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Quick Tips for Making Conversation

Updated: Apr 12

By: Jack Wang, LPC-A Social anxiety can make a simple conversation with a stranger feel stressful, and the fear of judgment can make us freeze in social situations.

a young black male in a business suit is speaking to other colleagues at a work event conference.

Here are 5 reliable tips to help you keep a conversation when you feel lost:

  1. “That reminds me of...” Take what the person said and talk about something it reminded you of. It can be a past story, or something about the environment. Be careful because you may be one-upping someone else’s story. This tip can open more conversation topics and allow you to relate to their experience.

  2. Active Listening If you are feeling anxious, then it can be difficult to be present in the moment. Try focusing on the words the person is saying and paraphrase or repeat some of the last things he or she said. This will usually prompt the person to talk more about the topic and will tell them that you are listening to them. Repeating something they said can help you clarify something you didn’t understand.

  3. Ask Open Questions Asking a yes or no question like, “Did you go to the library?” does not help continue the conversation as much as an open question like, “How was going to the library?”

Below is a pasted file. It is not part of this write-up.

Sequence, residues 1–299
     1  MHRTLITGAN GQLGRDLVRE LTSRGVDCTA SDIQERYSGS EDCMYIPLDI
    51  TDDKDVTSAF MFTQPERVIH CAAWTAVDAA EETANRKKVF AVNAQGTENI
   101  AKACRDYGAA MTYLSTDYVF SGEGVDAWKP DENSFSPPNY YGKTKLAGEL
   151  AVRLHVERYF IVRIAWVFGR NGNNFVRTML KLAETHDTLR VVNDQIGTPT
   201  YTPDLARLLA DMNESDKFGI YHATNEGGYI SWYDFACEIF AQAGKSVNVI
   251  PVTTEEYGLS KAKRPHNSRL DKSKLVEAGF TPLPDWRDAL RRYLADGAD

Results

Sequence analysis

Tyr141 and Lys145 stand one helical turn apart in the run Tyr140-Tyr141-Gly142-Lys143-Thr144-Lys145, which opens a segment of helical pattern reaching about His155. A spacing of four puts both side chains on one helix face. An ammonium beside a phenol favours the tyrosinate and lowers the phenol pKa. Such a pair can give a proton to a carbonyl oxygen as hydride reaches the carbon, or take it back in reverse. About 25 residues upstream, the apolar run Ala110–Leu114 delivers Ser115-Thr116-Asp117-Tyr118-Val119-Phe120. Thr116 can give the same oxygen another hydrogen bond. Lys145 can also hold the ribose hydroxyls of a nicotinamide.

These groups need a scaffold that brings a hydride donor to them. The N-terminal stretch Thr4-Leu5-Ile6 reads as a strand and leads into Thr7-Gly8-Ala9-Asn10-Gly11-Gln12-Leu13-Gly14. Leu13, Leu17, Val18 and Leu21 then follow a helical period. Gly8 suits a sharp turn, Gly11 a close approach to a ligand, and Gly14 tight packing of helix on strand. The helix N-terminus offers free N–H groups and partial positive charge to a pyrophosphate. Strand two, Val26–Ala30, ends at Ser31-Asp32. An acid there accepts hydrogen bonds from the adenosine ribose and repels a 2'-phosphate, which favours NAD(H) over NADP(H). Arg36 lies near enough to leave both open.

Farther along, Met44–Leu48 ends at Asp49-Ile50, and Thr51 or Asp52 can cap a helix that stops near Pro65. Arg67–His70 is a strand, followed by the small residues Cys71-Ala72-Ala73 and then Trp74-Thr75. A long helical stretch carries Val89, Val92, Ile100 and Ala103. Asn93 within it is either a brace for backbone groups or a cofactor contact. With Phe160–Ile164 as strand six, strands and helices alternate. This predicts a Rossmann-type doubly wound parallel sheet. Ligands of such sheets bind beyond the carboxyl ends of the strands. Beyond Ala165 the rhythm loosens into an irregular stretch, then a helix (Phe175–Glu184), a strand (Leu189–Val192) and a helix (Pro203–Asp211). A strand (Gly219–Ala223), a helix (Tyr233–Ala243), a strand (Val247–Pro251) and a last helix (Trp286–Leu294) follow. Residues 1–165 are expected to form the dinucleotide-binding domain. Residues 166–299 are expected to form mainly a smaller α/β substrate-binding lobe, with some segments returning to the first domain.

4. Find Common Interests This is common advice, but a good one. Talking about something both of you are interested in creates engagement and enjoyable conversation. Ask questions to search for common ground. Be careful not to overdo it, though, as too many questions one after the other can make the other person feel like they are being interrogated.

  5. Get Comfortable with Silence People often want to fill up the silence. If you are comfortable with a long pause, you can often encourage the other person to start making conversation just by waiting. A conversation is a two-person activity, after all!

    1. Conversation Starters

a.   “Have anything fun coming up this week?”

b.   “How do you know each other?”

c.    “What’s your story?”

d.   “What do you do for fun?”

e.   “Where did you grow up?”

Making conversation is a skill. Like other skills, they need to be learned and practiced. These are just some of the skills that we practice in our Adulting Program here at The Conative Group. Sometimes, that means you may have a bad conversation from time to time. It does not mean you were not meant for socializing. It just means you are like a lot of other folks who can also get better at making conversation. Good luck!


Jack Wang is a Licensed Professional Counselor - Associate and practices under the supervision of Stefanie C. Barthmare, LPC-S.

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